Monday, October 21, 2019

Unlikely heroes, diverse tricksters (Following folktales around the world 127. - Angola)

Today I continue the blog series titled Following folktales around the world! If you would like to know what the series is all about, you can find the introduction post here. You can find all posts here, or you can follow the series on Facebook!

Folk-tales of Angola
Fifty tales, with Kimbundu text, literal English translation, introduction, and notes
Héli Chatelain
The American Folk-Lore Society, 1894.

This is a very old book: the very first volume of the American Folk-Lore society series! It contains fifty folktales collected from the Mbundu people of Angola. The collector was a linguist who traveled to the country to help missionaries learn the local languages. Most of the tales came from a student of his named Jeremiah, who even accompanied him to America to help put the stories into writing.
The long and detailed (although definitely dated) introduction talks about Angola's geography, natural resources, climate, population, languages, societies, folklore, and oral traditions. A separate chapter deals with phonetics and pronunciation, since all the stories are printed in mirror translation, both in the original language and in English. They have been translated carefully word for word, which makes the English rendering hard to read and enjoy (even though, I still found quite a few fun stories in it). At the end of the book we get extensive notes for each tale to help with the understanding of linguistic and cultural details. This book was definitely ahead of its time.


I have read a similar story before, but I really liked this version of The son of Kimanaueze and the Daughter of the Sun and the Moon. A mortal man wanted to marry the celestial girl, but there was no one to carry his letters to her. Frog figured out a way to make the trip back and forth (in the water jugs of heavenly maidens), and managed to arrange the marriage through multiple visits.
The tale of Dinianga Dia Ngombe was strange but very entertaining. The hunter killed a deer and skinned it, but then the animal suddenly jumped up and got away. The hunter yelled after it, shaming it for running around "naked" - to which the deer responded that the hunter looked even more embarrassing, going home with an empty deer skin and nothing else. The humor was similarly poignant in the story of The young man and the skull; here the protagonist met a talking skull that warned him that his wits will be his undoing. The young man went around boasting that a talking skull told him he's so smart it will be his end... until they told him to prove his story. The skull, however, refused to talk, and the young man was beheaded, his own skull joining the family of talking skulls that should have known better.
I was fascinated by the tale of the two men who competed for the same girl. The father gave them the difficult task of catching a live deer. One of them considered his options and decided not to try, while the other stubbornly completed the task. The father gave the girl to the former, claiming that a man who followed senseless orders without thinking will make a terrible husband, and will beat his wife if she makes a mistake. Whoa.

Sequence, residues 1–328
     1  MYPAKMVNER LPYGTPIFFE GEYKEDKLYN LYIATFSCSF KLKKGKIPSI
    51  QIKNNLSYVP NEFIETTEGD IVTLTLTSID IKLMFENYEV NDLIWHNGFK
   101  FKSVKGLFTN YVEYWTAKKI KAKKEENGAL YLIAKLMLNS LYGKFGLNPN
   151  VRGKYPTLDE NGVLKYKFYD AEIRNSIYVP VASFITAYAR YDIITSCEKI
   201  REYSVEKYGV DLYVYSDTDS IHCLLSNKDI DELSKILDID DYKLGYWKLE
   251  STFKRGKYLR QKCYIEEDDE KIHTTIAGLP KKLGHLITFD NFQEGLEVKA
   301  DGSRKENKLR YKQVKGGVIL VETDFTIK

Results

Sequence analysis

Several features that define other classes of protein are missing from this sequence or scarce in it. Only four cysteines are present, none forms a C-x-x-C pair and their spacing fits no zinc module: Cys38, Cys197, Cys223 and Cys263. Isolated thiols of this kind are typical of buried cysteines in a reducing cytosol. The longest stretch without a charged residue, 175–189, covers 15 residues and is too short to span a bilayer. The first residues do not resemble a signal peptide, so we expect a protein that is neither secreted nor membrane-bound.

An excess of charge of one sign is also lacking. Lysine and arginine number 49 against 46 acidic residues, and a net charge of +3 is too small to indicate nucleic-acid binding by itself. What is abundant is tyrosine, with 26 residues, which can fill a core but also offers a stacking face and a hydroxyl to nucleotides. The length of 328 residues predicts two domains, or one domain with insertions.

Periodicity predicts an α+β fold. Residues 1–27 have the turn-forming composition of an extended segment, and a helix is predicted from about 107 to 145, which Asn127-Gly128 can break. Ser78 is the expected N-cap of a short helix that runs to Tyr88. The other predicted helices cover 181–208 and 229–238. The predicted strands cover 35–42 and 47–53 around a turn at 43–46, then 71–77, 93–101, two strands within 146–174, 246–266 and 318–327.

Pic from here
The story of the (beautifully named) Na Nzua Dia Kimanaueze was similar to the European "boy who turned into animals" tales, except here the hero could take on the form of any animal, not just three, and besides rescuing a princess, he also used his forms to hunt for food when he was hungry. The princess, by the way, had to be rescued from slavery in Portugal. The story had a similar beginning than that of The woman who ate too much fish, except in that one, she did not have to give up her child to the God of Fish (eco-tales!), but rather, a particularly large fish came to life in her stomach, just like in the African-American story of the Singing Geese.
Once again I encountered a story about a woman (Ngana Samba) who married into the spirit world - here, against her will - and managed a daring escape together with her children. There was also another story where a little sister saved her siblings from the evil Ma-kishi spirits by keeping vigil at night and keeping them occupied. She eventually convinced her sisters to run away from the spirit world; in their escape they were helped by a hawk, which, strangely reminded me of a story I read from Kiribati.
There was a whole host of resident tricksters, including Hare and Monkey. In a Tar Baby variant they actually appeared together, and were caught by the tar-women set up by Leopard (but obviously they got away). In the tale about the shared food secretly stolen, Fox was tricked by a wily Mole, but he managed to take revenge in the end. In the story where the "male goat gave birth to kids" trial had to be decided, it was clever Duiker (a distant relative to Mouse Deer) who helped the defendant; while the infamous horse-riding trick of Br'er Rabbit was played on Elephant by Frog. I was also reminded of Br'er Rabbit stories by the "briar patch" tale, where Turtle made people believe he could only be killed by being thrown into the river. The ungrateful predator rescued from a trap (and then put back in) was Leopard, tricked by Hare. Leopard was also the villain of the story where he invited animals along to his family, played tricks on them on the way, and had them killed in the end. It was Monkey who managed to outsmart him (in other African traditions it used to be Antelope who tricked wily Tortoise).

Where to next?

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